The LORD CHANCELLOR allowed them on this occasion, but wished it to be understood that the costs of applications of such a nature would not be allowed in future, except a very strong case were made.
Lincoln's Inn, Ex parte BALDWIN.- In the matter of Baldwin.
July 10. Where the fiat. In this case, the fiat issued before the passing of the and proceedings were, before the act 5 & 6 Vict. c. 122, and was prosecuted at Worcester. passing of the act 5 & 6 Vict. The proceedings were in the custody of the sole assignee. c. 122, left in the possession On the passing of the new act, the fiat was transferred of the sole assignee, who was to the Birmingham District Court; and, on the 3rd of not to be found; the Court or- May 1843, the bankrupt applied to the Commissioner, dered that the Commissioner requesting him to call a meeting for the allowance of should be at liberty to pro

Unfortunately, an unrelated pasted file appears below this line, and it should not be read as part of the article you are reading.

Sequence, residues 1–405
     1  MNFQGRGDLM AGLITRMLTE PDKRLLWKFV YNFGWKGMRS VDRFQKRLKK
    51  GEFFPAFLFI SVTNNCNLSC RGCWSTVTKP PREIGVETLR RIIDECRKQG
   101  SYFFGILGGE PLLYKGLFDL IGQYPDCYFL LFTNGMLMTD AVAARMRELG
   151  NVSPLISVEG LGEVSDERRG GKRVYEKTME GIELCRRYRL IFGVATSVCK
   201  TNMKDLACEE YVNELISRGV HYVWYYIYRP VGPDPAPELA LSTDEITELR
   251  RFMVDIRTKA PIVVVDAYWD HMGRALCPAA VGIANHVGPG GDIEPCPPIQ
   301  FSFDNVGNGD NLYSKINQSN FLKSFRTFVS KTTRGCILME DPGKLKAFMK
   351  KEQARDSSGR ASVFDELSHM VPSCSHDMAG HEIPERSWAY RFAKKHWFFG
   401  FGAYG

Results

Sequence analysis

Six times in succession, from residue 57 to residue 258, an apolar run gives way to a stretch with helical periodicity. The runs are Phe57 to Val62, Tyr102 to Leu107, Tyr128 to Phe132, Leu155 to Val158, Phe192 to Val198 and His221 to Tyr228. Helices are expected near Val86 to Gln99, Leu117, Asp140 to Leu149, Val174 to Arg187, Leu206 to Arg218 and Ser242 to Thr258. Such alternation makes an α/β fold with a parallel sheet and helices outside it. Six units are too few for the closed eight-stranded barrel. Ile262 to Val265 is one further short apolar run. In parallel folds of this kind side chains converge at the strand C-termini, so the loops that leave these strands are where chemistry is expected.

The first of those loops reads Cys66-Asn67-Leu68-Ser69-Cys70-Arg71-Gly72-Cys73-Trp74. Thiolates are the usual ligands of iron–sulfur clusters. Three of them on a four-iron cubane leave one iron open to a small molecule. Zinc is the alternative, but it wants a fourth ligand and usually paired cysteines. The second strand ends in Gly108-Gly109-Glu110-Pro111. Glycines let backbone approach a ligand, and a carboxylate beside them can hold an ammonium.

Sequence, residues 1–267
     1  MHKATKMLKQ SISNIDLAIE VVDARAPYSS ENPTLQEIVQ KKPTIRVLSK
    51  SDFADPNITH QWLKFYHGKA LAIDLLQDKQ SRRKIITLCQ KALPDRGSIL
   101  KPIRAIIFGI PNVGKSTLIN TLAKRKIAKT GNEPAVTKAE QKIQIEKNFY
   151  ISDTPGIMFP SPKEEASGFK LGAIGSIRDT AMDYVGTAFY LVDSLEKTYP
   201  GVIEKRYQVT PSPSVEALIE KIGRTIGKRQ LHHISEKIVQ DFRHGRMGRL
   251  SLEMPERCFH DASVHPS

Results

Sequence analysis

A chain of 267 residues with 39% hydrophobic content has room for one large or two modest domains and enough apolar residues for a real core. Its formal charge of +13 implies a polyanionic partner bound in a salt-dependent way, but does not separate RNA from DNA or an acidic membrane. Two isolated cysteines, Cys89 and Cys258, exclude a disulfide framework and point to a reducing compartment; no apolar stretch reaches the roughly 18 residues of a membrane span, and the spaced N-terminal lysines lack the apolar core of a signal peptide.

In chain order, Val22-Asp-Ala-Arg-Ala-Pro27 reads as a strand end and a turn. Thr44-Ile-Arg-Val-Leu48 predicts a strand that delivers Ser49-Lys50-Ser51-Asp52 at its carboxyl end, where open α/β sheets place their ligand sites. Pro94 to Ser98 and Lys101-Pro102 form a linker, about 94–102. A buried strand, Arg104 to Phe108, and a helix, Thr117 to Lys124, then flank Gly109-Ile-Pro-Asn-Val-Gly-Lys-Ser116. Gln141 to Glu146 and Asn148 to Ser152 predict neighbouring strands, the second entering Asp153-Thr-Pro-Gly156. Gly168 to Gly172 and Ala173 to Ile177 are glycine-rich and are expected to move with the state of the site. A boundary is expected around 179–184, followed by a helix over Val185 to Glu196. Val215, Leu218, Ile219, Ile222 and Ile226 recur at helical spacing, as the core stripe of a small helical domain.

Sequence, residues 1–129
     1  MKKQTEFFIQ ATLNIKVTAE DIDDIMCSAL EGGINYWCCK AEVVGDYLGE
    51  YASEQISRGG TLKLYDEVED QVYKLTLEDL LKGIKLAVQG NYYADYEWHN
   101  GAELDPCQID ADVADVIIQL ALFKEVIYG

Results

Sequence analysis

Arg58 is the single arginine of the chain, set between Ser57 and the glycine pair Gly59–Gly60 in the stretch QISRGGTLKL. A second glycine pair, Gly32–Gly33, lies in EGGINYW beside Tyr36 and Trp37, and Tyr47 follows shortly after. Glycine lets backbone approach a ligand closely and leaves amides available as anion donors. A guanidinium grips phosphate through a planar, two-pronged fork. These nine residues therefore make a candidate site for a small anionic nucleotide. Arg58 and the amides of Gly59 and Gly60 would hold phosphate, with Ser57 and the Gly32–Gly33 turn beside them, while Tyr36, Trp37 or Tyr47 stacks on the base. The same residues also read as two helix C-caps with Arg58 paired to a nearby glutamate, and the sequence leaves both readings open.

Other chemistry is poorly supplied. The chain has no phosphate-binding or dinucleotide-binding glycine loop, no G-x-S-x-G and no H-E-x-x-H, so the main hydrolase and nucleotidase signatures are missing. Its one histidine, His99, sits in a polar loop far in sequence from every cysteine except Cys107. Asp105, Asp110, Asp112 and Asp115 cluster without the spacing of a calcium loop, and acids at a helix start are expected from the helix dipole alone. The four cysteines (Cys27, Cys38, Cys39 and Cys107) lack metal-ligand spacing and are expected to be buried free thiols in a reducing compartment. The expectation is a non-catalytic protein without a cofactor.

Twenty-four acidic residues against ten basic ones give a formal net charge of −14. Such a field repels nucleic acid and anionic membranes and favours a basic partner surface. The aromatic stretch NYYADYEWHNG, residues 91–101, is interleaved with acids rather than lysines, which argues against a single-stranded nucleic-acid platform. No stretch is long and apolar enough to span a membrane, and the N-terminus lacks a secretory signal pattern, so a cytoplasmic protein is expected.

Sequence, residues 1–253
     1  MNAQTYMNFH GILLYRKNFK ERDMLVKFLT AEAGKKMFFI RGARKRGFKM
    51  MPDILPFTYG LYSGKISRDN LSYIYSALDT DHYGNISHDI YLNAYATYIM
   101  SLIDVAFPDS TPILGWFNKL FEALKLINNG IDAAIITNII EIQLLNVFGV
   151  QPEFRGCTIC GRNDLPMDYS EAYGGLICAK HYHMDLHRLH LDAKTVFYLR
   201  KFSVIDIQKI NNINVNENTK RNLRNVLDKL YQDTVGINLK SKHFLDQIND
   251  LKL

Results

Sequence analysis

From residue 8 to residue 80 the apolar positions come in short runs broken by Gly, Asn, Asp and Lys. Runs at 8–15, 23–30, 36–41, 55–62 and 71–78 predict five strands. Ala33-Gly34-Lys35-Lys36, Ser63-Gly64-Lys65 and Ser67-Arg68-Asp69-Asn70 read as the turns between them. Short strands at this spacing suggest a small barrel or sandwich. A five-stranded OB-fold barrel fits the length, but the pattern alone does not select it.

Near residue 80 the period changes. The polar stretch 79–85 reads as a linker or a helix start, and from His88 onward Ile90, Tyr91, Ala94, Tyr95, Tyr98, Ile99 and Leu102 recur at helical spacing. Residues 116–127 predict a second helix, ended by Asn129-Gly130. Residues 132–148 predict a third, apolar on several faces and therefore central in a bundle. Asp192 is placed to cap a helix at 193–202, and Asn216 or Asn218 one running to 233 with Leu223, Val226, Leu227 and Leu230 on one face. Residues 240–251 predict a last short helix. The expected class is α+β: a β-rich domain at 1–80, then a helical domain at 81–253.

the certificate; but it appeared that the fiat and proceedthem, in allow. ings were not forthcoming, having been left in the posing the certificate.
session of the sole assignee, who was not to be found. The Commissioner thought that he could not act, without having the fiat and proceedings before him. The bankrupt, therefore, now presented his petition, praying that a meeting might be called, for the purpose of allowing his certificate, and that service of the petition on the solicitor of the assignee might be deemed sufficient service on the assignee.
Mr. Russell, in support of the petition.
The assignee did not appear.
The Court ordered, that the Commissioner should be at liberty to call a meeting, and to proceed, notwithstanding the proceedings had not been recorded, and were not forthcoming.
Ex parte BaldwIN.
of stock stand
Ex parte Kate FRANCES COLES, and Jessie LOUISA
Coles, infants, by WILLIAM JACKSON MONKHOUSE, their next friend. In the matter of WILLIAM INMAN WELCh.
July 10. THIS was the petition of cestuis que trusts, for leave Infant cestuis